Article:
Wlliam Gilmore Simms
Southward Ho! A Spell of Sunshine >> Chapter IV / The Story of the Maid of Bogota >> Page 54

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Page 54

Novel (Romance) | Redfield | 1854
Transcription SOUTHWARD 110!.
otcnce than of being totally heartless, with all her charms, and of aiming at no treachery more dangerous than that of making conquests, simply to deride them. It was the popular qualification of all her beauties and accomplishments that she was a coquette, at once so cold, and so insatiate. Perhaps, the woman politician never so thoroughly conceals her game as when she masks it with the art which men are most apt to describe as the prevailing passion of the sex.
By these arts, La Pola fulfilled most amply her pledges to the liberator. She was, indeed, his most admirable ally in Bogota. She soon became thoroughly conversant with all the facts in the condition of the Spanish army�the strength of the several armaments, their disposition and destination�the operations in prospect, and the opinions and merits of the officers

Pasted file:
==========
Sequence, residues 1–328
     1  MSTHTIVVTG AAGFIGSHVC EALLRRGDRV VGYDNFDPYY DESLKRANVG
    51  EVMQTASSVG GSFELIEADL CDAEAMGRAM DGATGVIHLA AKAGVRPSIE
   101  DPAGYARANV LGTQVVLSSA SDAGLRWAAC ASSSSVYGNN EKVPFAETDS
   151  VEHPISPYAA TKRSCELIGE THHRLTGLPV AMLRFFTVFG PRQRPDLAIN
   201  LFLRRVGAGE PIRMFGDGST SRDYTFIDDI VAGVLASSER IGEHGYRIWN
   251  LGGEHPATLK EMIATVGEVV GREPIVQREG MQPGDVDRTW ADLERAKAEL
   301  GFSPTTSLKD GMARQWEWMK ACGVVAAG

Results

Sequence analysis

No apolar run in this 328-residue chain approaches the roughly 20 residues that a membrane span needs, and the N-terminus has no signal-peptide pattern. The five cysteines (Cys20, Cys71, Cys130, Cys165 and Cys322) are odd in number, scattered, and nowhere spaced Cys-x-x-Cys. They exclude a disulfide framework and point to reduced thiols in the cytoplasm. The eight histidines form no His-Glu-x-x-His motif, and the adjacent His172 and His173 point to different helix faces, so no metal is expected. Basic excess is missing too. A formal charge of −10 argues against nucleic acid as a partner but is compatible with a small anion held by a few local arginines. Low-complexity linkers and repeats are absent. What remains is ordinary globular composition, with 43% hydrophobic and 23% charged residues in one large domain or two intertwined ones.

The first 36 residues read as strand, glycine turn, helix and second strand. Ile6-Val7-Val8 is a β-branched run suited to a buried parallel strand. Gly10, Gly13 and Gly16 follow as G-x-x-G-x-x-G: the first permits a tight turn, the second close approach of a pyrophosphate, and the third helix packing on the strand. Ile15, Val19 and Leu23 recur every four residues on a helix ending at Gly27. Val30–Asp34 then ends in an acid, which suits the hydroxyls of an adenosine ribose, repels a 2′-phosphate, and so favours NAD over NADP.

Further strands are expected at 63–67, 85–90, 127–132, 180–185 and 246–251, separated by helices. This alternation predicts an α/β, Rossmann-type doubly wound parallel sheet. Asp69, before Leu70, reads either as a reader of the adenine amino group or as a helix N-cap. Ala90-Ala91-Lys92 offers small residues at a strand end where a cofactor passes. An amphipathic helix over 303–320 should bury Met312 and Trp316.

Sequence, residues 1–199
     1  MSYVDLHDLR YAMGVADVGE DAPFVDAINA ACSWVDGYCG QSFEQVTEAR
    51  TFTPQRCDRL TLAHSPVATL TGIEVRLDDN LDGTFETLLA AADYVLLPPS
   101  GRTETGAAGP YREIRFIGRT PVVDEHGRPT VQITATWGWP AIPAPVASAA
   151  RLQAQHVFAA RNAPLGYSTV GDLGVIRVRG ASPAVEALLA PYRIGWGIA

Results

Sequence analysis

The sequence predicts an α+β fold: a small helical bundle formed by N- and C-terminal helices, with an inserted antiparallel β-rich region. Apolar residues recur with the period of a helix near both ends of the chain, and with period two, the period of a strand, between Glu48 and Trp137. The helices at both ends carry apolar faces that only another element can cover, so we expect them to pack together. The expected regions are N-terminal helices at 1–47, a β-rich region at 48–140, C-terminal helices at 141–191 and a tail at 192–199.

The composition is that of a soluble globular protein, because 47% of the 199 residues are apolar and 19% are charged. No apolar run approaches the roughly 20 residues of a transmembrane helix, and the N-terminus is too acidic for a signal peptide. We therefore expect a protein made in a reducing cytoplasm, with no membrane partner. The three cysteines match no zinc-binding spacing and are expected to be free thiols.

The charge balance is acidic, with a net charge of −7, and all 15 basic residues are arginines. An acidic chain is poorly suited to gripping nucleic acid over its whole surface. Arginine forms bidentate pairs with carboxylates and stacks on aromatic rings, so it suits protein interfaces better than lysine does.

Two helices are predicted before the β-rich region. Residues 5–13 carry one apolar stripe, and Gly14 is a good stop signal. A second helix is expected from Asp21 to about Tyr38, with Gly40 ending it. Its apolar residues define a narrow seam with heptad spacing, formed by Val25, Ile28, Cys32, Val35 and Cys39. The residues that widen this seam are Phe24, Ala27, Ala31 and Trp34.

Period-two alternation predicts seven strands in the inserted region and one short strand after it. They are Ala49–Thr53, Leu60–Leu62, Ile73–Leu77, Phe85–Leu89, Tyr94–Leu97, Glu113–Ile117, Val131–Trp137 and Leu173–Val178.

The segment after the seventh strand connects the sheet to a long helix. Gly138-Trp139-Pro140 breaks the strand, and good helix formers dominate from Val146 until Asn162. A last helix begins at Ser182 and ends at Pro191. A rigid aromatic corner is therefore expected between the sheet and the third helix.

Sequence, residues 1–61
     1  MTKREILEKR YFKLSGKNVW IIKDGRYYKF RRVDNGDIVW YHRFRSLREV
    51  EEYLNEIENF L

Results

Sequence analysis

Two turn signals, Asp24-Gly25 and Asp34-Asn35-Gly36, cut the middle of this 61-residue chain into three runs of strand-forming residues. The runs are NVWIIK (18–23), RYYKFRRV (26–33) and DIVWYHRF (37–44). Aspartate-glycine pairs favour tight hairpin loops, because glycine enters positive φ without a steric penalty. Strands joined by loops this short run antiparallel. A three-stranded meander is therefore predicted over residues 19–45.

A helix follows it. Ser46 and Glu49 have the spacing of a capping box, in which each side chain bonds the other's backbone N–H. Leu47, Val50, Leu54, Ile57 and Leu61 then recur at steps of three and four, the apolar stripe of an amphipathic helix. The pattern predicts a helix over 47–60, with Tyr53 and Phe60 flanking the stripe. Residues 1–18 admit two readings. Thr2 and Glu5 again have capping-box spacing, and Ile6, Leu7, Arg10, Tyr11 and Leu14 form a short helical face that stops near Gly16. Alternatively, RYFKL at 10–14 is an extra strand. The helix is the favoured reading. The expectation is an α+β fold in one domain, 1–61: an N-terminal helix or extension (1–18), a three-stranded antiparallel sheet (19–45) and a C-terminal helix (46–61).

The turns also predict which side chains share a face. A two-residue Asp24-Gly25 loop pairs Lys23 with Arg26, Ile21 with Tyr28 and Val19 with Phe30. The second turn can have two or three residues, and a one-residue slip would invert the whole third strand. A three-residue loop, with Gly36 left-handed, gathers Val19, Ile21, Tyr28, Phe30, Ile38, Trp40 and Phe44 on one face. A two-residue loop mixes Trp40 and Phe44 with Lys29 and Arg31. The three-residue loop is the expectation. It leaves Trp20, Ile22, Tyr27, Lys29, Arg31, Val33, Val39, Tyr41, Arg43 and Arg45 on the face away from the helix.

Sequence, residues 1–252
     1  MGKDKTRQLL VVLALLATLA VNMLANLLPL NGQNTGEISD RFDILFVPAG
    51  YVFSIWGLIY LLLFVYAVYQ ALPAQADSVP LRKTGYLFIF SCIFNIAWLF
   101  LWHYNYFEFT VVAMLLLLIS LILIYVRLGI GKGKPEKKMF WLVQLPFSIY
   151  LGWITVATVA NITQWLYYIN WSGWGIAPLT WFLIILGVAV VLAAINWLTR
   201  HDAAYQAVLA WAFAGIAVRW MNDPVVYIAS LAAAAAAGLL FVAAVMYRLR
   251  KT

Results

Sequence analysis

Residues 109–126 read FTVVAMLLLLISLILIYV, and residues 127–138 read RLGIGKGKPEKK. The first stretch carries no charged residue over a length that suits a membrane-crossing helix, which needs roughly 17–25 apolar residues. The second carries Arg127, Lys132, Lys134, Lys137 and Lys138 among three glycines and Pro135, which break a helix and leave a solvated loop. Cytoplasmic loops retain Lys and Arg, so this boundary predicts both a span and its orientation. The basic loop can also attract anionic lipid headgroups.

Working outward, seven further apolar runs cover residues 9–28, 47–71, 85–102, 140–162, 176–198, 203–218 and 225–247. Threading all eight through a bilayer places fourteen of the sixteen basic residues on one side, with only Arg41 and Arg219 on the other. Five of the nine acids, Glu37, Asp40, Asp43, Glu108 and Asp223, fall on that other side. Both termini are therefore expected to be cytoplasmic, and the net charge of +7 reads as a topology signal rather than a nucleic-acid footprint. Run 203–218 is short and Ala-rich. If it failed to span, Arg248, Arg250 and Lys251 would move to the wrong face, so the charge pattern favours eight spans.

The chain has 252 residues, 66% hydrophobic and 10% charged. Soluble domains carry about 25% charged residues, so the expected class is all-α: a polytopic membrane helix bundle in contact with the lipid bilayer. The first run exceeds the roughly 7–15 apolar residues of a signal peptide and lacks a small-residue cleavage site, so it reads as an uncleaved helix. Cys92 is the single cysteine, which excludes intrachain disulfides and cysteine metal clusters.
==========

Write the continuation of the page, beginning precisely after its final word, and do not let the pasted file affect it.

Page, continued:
all of whom she knew, and from whom she obtained no small knowledge of the worth and value of their absent comrades. These particulars, all regularly transmitted to Bolivar, were quite as much the secret of his success, as his own genius and the valor of his troops. The constant disappointment and de-feat of the royalist arms, in the operations which were conducted in the province of Bogota, attested the closeness and correctness of her knowledge, and its vast importance to the cause of the patriots.
Unfortunately, however, one of her communications was intercepted, and the cowardly bearer, intimidated by the terrors of impending death, was persuaded to betray his employer. He revealed all that lie knew of her practices, and one of his statements, namely, that she usually drew from her shoe the paper which she gave him, served to fix conclusively upon her the proofs of her offence. She was arrested in the midst of an ad-miring throng, presiding with her usual grace at the tertulia, to which her wit and music furnished the eminent attractions. Forced to submit, her shoes were taken from her feet in the presence of the crowd, and in one of them, between the sole and the lining, was a memorandum designed for Bolivar, containing the details, in anticipation, of one of the intended movements of the viceroy. She was not confounded, nor did she sink beneath